We talked to an executive at an online publisher about the emerging trend of “advertiser-owned properties” that we wrote about earlier this week.
“Owned properties” are sites and pages created and managed by advertisers that allow advertisers to interact directly with their customers. They threaten the traditional media model of selling ad space on publishers’ pages.
As expected most publishers view “owned platforms” as a threat since the advertiser doesn’t have to buy inventory on their properties.
Here is an example of how one publisher is approaching the problem:
- The publisher gets requests all the time for “co-branded” properties but won’t create a platform for the advertiser to own after the campaign. The publisher wants to rent the advertiser credibility, not sell them credibility.
- The publisher is currently partnering with one advertiser to create properties in addition to on-site inventory such as a micro-site and branded pages on various social media sites. But the publisher still owns these properties after the campaign runs.
- The pitch to the advertiser is that their “owned property” could easily flop if executed poorly so the brand should partner with a media company that has a built-in audience while launching and promoting their properties. Remember Bud.tv? If not, that’s because it was a micro-site that never grew an audience despite Budweiser paying an agency $11 million to build it (imagine what a startup could do with that kind of $$).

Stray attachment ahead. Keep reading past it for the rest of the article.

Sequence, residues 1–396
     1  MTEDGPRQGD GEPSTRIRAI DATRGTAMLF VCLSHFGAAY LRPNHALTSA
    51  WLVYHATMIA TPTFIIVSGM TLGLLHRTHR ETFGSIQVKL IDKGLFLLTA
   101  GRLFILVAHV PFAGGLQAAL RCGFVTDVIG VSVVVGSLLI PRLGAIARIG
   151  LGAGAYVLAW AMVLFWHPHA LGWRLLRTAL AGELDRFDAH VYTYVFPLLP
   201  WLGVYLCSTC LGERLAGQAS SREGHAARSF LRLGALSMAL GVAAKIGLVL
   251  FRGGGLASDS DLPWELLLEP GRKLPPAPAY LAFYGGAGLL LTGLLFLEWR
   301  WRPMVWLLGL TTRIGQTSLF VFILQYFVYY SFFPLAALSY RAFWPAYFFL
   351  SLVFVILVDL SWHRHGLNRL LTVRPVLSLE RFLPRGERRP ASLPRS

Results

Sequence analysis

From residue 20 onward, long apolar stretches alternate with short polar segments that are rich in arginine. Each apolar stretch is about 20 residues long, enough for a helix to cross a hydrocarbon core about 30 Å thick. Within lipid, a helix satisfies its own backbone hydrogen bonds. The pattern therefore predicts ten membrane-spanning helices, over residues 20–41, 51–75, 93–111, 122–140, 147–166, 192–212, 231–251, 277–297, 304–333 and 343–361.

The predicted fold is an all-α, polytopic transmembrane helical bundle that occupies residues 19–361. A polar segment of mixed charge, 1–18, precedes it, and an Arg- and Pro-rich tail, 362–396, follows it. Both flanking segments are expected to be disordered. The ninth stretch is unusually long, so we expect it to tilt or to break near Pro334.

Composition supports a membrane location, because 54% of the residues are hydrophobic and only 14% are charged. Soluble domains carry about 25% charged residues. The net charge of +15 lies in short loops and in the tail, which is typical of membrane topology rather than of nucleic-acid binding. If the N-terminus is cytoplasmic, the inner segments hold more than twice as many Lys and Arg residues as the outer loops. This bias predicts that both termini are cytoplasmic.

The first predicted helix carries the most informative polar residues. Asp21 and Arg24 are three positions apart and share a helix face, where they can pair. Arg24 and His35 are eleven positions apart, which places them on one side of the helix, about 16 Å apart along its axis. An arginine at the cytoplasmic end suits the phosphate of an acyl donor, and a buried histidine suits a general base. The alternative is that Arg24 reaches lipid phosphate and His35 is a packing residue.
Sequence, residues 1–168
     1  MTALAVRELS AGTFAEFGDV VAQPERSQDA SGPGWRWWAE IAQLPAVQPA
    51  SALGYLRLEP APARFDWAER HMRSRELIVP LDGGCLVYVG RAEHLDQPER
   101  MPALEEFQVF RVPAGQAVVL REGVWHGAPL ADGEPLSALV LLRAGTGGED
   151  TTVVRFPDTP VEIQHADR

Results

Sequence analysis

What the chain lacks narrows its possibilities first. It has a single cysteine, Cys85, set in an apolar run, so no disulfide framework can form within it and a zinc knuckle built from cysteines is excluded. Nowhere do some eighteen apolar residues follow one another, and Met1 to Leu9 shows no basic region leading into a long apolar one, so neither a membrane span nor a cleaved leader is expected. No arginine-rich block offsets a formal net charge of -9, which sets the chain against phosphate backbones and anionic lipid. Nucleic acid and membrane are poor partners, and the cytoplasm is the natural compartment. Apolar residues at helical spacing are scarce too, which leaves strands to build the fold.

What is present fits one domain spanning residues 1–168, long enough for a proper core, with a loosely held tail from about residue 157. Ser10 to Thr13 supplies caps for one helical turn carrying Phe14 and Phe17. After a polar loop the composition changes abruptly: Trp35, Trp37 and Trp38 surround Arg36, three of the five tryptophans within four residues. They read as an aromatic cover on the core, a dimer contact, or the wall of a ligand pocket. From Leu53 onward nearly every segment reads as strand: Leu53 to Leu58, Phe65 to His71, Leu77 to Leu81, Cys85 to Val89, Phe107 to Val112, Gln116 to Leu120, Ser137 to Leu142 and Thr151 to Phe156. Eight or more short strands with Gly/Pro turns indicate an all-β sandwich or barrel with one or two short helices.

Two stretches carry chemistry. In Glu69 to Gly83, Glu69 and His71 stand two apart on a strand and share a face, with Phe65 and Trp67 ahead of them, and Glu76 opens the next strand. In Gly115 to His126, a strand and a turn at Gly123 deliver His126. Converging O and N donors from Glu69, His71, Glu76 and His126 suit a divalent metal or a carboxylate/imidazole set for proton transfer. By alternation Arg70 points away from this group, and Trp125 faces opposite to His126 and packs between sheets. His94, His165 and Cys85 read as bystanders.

As these types of campaigns are launched publishers still point out to agencies and brands that they have to buy media around the launch of the property or risk it being a huge failure if no one finds it. For every successful Nike Head2Head there are 10 failures you’ve never heard of.
One thing we’ll be looking at is how these types of campaigns are priced. Right now, the answer is “whatever the advertiser will pay”. But over time we think advertisers will demand some form of measurability to price against.
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